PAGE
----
Forget a liberal bias among journalists, argues Conor Friedersdorf on DoubleThink Online. It’s journalistic convention that leans liberal. That is, liberals have (or the liberal view point has) all the good anecdotal ledes and stuff while the conservative outlook doesn’t lend itself to simple, compelling narrative. Writes Friedersdorf:

Contra the least-thoughtful conservative critics, there isn’t any elite liberal conspiracy at work. Bias creeps in largely because the narrative conventions of journalism are poor at capturing basic conservative and libertarian truths. An instructive example is rent control. A newspaper reporter assigned that topic can easily find a sympathetic family no longer able to afford its longtime apartment in a gentrifying neighborhood. Their plight is a moving brief for a rent ceiling…

The right, in other words, has a problem with narrative. The stubborn facts of this world contradict pieties left, right, and libertarian, occasionally forcing each group to revise its thinking. But the core critiques of liberalism intrinsically resist the narrative form. Who can foresee the unintended consequences of government intervention in advance?…

Over at his Washington Monthly blog, Kevin Drum disagrees:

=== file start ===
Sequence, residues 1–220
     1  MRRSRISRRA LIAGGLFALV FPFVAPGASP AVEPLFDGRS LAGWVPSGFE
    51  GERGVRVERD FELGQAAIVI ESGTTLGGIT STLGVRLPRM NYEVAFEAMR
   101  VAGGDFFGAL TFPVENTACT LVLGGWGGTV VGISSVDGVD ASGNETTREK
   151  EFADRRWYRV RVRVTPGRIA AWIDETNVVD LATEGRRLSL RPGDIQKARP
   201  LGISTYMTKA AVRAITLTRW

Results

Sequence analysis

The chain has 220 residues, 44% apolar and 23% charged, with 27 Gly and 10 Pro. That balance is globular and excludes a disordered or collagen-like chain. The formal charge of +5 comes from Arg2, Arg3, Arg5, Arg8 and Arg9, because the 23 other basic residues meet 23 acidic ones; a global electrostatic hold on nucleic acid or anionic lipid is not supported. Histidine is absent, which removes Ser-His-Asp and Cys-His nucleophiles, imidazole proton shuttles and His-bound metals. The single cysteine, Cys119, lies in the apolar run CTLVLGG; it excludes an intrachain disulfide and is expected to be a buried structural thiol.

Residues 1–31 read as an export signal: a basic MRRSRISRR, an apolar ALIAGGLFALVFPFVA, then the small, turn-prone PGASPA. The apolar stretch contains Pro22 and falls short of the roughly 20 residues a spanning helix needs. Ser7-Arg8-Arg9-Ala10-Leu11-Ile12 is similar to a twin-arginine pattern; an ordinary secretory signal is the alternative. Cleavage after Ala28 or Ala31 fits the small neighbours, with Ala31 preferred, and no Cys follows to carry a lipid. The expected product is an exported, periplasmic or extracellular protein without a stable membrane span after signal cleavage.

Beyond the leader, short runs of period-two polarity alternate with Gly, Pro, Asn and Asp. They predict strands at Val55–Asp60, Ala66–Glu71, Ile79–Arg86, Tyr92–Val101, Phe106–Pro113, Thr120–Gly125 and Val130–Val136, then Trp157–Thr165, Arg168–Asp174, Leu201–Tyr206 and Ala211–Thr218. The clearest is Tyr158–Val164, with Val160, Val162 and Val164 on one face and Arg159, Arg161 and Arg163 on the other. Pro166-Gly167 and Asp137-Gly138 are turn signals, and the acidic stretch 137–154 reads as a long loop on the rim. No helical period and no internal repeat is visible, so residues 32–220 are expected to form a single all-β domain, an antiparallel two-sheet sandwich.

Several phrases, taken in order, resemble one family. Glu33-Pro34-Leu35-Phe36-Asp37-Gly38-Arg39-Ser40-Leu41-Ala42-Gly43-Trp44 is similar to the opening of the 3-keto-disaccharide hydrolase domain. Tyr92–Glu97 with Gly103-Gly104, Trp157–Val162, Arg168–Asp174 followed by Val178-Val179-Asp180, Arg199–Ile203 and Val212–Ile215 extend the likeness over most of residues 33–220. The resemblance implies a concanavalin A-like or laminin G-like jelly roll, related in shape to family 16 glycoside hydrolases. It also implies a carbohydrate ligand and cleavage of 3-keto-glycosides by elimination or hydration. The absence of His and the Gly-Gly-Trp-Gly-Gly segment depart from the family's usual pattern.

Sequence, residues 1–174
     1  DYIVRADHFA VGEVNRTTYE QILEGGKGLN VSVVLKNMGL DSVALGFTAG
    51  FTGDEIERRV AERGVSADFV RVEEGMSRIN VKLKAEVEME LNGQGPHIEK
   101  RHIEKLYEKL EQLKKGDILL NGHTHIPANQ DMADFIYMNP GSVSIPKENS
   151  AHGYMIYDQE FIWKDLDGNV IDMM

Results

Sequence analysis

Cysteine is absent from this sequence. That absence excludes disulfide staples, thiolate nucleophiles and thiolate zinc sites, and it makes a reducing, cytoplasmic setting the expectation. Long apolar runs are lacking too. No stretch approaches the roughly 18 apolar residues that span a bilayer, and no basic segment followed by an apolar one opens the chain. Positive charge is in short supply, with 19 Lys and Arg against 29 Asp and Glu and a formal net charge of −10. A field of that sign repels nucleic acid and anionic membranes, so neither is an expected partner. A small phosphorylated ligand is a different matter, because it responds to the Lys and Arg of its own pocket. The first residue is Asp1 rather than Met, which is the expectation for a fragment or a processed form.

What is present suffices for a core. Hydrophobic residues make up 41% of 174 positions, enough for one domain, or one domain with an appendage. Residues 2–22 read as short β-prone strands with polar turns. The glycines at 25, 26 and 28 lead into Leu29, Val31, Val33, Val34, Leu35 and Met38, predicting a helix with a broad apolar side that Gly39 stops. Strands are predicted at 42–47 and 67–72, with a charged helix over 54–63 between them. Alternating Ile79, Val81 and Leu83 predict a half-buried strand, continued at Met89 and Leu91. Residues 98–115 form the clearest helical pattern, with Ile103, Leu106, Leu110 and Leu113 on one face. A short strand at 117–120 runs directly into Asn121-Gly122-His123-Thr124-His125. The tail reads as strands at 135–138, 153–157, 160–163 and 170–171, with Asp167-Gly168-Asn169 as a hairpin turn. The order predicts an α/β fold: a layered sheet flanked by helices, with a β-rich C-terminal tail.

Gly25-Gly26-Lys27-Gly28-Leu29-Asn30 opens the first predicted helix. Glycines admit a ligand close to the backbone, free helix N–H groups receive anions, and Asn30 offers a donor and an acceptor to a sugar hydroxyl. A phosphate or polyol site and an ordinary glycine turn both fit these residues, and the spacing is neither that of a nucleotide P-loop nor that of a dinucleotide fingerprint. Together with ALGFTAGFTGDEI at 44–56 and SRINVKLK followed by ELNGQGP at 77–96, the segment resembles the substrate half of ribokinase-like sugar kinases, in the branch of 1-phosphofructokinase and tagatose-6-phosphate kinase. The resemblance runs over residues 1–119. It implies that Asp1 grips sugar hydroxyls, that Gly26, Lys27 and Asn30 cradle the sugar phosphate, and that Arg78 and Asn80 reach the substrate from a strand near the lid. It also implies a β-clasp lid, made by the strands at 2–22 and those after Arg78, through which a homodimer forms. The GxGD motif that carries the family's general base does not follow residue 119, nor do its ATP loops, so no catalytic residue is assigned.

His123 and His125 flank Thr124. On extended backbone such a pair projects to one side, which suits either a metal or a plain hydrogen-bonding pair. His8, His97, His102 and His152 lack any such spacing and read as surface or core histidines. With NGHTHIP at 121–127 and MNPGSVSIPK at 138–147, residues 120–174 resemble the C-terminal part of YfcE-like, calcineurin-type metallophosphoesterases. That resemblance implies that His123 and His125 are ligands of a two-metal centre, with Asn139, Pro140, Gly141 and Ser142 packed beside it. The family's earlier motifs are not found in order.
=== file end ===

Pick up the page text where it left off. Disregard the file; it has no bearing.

[L]iberals complain about this exact same thing all the time. I guess everyone is convinced that the other side has nice, simple heart-tugging narrative storylines while their own side is consistently burdened with complex, bloodless, policy-heavy wonkery.


The real difference, though, isn’t that one side or the other has a monopoly on simple narratives, but that left and right tend to rely on different narratives. Liberals traffic heavily in guilt and personal tragedy. Conservatives specialize in fear and self-interest. Conservatives don’t have the same narratives as liberals, but they’ve still got plenty of narratives…

I think Drum is more convincing on this.

Noteworthy, though, that in the end — addressing “the right” — Friedersdorf argues: “[W]e’re better off joining the journalistic project than trying to discredit it.”

Liz Cox Barrett is a writer at CJR.